Thursday, 20 January 2011

Antique maps

Nova Delineatto Totius Orbis Terrarum Per Petrum Vander Aa. (18th century)

'Journey all over the universe in a map, without the expense and fatigue of traveling, without suffering the inconveniences of heat, cold, hunger, and thirst.'
Miguel de Cervantes
Don Quixote (1605-15).

I have always been fascinated by old maps. Their beautifully drawn, hand coloroured details are pleasing to the eye. At the same time antique maps illustrate bygone times in a stimulating way. One also must admire the skill of the famous mapmakers who were able to produce quite accurate maps at a time when there were no GPS or other advanced technical instruments at their disposal. Of course, even the best mapmakers - like Gerard Mercator and Abraham Ortelius - tooks certain liberties, as Mathew Lyons points out in his very readable little book "Impossible Journeys":

"Not content to rely on gossip they picked upon quaysides, or scraps of third-hand information allegedly culled from antique texts, the mapmakers had no ethical problems when it came to inking in areas on their maps that they thought ought to exist. While our understanding of mapmaking would usually be confined to the careful marking of the known, medieval and Renaissance cartographers had a rather more generous conception of their role.They were philosophical geographers. Worse, perhaps, they were theoretical philosophical geographers. They liked to extrapolate, on the basis of fashionable theory, what might be out there, still undiscovered. While some were happy to let unknown coasts stay unmarked - the unbroken lines of peninsulas, points and coves tailing off, like loose threads or trains of thought, in open space - others had no apparent qualms about setting down their ideas and sending them out into the world, as if to say `This is so.´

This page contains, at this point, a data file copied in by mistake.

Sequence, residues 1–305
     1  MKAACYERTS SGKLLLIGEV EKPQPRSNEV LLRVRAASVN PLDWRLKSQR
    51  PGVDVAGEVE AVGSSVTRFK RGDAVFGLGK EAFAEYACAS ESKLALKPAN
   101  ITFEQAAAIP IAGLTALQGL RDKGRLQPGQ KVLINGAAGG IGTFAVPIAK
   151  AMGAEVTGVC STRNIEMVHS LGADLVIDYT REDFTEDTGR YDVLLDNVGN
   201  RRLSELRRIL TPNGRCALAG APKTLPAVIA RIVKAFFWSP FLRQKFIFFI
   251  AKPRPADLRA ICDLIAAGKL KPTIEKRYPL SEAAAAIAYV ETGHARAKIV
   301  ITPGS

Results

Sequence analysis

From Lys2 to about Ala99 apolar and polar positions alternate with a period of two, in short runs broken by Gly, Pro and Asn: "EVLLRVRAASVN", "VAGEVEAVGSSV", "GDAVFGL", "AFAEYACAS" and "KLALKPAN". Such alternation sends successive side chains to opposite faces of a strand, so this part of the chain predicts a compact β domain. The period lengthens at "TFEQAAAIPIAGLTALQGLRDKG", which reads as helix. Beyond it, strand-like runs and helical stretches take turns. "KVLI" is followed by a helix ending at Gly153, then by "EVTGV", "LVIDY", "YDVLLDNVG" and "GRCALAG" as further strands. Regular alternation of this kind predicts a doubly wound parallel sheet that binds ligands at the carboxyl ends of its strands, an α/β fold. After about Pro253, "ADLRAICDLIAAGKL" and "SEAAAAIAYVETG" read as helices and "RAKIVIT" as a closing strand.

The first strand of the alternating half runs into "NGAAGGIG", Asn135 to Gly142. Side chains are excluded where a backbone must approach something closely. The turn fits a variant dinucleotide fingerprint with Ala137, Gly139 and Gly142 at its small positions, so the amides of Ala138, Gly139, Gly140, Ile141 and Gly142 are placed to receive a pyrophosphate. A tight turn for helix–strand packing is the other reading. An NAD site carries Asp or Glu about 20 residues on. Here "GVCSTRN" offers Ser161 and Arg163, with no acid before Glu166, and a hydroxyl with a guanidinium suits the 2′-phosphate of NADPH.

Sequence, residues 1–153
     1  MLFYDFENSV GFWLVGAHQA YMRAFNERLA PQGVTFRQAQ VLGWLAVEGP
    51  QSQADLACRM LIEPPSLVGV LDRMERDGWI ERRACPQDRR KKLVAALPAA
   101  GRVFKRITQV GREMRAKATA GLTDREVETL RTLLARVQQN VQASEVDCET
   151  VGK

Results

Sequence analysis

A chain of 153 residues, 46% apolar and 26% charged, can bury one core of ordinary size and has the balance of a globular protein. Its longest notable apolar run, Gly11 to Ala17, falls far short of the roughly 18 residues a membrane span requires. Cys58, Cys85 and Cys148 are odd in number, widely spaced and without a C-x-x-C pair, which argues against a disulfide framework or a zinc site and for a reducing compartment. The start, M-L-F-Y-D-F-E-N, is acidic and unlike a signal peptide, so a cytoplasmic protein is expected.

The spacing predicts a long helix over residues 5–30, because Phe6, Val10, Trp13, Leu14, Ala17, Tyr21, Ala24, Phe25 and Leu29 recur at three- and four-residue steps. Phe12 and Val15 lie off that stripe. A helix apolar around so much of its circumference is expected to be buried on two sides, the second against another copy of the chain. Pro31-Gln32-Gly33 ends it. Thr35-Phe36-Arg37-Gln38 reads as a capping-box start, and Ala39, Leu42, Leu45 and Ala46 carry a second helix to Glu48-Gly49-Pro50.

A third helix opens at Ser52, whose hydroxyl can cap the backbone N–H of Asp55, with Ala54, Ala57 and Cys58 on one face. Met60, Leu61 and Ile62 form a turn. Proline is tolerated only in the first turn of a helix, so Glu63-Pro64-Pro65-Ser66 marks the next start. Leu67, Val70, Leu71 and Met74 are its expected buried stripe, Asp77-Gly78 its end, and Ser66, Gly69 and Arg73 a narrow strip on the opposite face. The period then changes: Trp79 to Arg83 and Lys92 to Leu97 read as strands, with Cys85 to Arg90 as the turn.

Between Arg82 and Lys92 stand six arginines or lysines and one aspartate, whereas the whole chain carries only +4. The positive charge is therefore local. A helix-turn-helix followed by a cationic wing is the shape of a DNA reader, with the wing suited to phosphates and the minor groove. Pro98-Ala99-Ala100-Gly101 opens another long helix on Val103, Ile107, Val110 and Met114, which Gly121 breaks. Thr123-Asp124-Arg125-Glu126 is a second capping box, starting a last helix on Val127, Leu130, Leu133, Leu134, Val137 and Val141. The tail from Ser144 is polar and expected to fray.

Lyons goes on to name some interesting examples of early  "creative" mapmaking,  like e.g. Terra Australis Incognita (corresponding to Antarctica), which figured in different forms in many famous maps, although no human being is known to have seen Antarctica before 1820.

Detail from map of the Turkish Empire, 1606

Map of Moscow, 16th century

If you are interested in learning more about old maps, the Perry-Castañeda Library Map Collection at the University of Texas at Austin is a good place to start.

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